August 13, 2022 - 4:50pm

Salman Rushdie has been the target of the world’s biggest lynch mob for over three decades.

Ever since Ruhollah Khomeini issued a death sentence against him in 1989 over his novel The Satanic Verses, he has lived in and out of hiding for fear of Islamic extremists executing the verdict against him. Khomeini’s edict ironically boosted Rushdie’s profile in the press, and made him a cause célèbre for liberal free speech activists. Yet the threat against him was always real. The motive for Rushdie’s gruesome stabbing this Friday before a lecture in Chautauqua, New York, of all places, is not confirmed. Yet it seems that after three decades living under ominous threat, the writer’s luck finally ran out.

The Rushdie affair was one of those rare events that perfectly exposed a cultural fault line. Freedom of expression of an author, particularly when criticising religion, comes as close as it gets to being a solidly held value in the otherwise relativistic post-Christian West. The idea that someone should have to die for publishing a book is simply incomprehensible to almost any secular European or American. For Muslims though, the vast majority of whom are observant, it’s the reverse that is unconscionable: That blasphemy could be art, or that an individual’s freedom of expression could ever be viewed as more important than values a community holds sacred.

The entire debacle over his death sentence is far more revealing to me than anything that Rushdie wrote in a novel in 1989. I’m not a free speech absolutist, nor do I believe that secular progressivism should have a trump card over religion in the public sphere. What episodes of murderous crybullying like this show, however, is something intolerably pathetic and thuggish about the people doing the persecuting. Having evidently abandoned the idea that others might actually respect them and their beliefs on the merits, many Muslims have fallen back on either complaining about their hurt feelings in hopes of pity, or simply terrorising others into shutting up. That is not a sign of confidence or self-assurance about one’s identity or worldview. It is a sign of an inferiority complex of terrifying dimensions.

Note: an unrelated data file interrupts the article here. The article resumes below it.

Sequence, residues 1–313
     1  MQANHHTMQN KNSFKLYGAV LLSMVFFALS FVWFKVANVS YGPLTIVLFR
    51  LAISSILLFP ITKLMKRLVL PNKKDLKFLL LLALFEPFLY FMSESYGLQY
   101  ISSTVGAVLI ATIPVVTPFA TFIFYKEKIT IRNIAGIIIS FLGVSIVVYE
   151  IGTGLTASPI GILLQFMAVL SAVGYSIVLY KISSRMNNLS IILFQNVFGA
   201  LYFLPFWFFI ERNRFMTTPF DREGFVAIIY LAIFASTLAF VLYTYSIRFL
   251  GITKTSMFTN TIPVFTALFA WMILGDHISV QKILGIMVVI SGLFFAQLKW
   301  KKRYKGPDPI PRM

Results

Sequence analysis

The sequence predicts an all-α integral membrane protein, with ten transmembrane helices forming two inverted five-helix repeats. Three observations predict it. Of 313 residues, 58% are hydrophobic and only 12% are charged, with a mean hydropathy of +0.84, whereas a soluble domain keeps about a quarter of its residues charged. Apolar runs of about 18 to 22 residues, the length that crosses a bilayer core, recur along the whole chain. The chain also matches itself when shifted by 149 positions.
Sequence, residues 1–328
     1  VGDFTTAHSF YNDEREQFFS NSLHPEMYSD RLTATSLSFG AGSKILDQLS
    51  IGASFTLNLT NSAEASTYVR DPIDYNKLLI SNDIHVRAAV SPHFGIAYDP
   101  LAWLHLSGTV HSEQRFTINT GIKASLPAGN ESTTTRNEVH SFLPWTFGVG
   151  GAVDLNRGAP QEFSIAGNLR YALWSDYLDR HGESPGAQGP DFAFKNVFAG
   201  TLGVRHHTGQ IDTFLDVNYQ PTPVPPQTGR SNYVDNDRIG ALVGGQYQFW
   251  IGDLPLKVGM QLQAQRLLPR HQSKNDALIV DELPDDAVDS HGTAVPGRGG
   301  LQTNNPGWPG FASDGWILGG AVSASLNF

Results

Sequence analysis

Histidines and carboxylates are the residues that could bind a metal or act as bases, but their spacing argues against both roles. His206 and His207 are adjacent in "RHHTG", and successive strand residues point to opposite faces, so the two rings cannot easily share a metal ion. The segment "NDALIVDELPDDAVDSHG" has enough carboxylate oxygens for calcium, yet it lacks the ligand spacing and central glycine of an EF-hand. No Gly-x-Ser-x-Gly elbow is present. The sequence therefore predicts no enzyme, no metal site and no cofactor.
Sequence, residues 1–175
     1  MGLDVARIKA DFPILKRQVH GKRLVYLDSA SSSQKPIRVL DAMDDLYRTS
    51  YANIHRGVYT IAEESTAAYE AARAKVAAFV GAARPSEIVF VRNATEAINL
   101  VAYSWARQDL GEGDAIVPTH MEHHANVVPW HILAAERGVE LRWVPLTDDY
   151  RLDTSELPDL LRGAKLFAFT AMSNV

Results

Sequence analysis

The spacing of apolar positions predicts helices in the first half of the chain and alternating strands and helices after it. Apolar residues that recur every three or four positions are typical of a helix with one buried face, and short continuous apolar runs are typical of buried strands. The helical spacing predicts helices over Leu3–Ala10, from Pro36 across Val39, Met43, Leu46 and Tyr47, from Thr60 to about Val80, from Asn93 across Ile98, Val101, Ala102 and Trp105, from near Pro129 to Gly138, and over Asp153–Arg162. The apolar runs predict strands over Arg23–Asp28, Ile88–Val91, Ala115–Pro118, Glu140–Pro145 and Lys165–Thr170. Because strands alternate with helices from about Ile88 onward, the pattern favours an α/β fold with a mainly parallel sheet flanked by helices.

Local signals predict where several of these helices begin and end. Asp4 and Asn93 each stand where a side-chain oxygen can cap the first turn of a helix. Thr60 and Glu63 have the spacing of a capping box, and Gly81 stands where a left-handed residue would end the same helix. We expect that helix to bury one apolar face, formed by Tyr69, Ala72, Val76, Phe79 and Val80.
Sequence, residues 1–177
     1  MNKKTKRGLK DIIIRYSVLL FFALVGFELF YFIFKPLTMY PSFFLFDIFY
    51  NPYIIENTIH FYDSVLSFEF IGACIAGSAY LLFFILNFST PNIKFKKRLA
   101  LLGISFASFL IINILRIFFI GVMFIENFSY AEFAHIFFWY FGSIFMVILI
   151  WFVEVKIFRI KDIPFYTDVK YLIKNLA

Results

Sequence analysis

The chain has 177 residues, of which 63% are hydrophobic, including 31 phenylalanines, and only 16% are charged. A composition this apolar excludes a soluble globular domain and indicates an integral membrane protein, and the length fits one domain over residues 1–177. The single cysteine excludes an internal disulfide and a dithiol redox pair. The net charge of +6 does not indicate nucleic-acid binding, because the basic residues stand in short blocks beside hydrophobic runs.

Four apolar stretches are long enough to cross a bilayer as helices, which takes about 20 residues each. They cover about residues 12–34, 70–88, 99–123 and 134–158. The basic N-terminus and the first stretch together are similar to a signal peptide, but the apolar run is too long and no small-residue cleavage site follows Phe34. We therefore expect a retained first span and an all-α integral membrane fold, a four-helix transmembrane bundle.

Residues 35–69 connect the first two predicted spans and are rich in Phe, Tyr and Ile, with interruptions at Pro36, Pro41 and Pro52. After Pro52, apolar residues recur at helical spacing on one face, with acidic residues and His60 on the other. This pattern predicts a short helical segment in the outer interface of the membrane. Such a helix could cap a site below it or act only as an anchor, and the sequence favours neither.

Contrary to popular belief, the apocalyptically thin-skinned reaction by many Muslims to offensive books, movies, and cartoons is not based something in the Quran that mandates a response to blasphemy. It’s a modern cultural phenomenon that also happens to be a concrete expression of decline. People who are self-assured in their beliefs do not have emotional meltdowns over perceived slights by others. They naturally fall back upon their own confidence and charisma in order to model a superior example. For what its worth, that’s an attitude that actually finds support in traditional religion — including in Islam. The idea that anything can be justified in the name of the hurt feelings of the weaker party reflects a departure from traditional religious ethics that is more akin to ideas popular in modern progressivism. If that comparison strikes you as surprising, consider that the tactics and psychology of modern Islamic extremism have always been heavily influenced by radical Western Leftist and anarchist movements.

Riling up a mob, yelling and screaming, or stabbing a writer you don’t like in the neck are not behaviours that make anyone else think that Islam has anything useful or admirable to offer the world. In addition to my own instinctive horror at the assault on Rushdie, who, frankly, never lived up to the hysterical Islamophobic caricature that Muslims have made out of him, that is why I’m completely opposed to these violent outbursts over blasphemy. There’s nothing to rationalise, explain, or defend here: It’s wrong. I don’t expect this will be the last such ugly incident. Yet I would hope that in future the people who should know better, including many educated Muslims, not hold us to a lower moral or intellectual standard than other people by attempting to justify them. To put it plainly, you’re not helping.

Murtaza Hussain is a reporter at The Intercept who focuses on national security and foreign policy.